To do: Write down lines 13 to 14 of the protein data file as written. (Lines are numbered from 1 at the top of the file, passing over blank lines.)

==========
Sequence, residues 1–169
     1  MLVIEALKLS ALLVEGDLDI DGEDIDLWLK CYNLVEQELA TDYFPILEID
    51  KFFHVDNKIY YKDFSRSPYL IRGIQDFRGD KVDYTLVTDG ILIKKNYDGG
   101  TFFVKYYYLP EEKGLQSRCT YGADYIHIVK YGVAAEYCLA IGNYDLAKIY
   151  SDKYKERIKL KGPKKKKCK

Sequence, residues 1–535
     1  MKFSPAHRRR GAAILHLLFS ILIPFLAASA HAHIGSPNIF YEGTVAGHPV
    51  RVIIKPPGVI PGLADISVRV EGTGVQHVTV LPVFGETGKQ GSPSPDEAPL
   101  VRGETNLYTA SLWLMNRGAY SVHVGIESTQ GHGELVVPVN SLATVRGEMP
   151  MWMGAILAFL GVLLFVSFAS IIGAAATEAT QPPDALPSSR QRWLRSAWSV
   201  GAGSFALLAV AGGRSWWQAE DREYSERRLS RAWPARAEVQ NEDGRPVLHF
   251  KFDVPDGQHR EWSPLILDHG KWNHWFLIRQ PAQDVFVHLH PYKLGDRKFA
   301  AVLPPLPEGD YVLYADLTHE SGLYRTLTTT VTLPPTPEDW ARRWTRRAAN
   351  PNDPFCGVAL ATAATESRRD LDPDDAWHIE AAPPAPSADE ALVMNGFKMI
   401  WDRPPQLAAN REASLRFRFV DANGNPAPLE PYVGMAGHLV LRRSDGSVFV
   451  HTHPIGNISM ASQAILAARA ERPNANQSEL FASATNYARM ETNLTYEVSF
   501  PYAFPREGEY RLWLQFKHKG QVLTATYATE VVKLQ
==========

   301  AVLPPLPEGD YVLYADLTHE SGLYRTLTTT VTLPPTPEDW ARRWTRRAAN
   351  PNDPFCGVAL ATAATESRRD LDPDDAWHIE AAPPAPSADE ALVMNGFKMI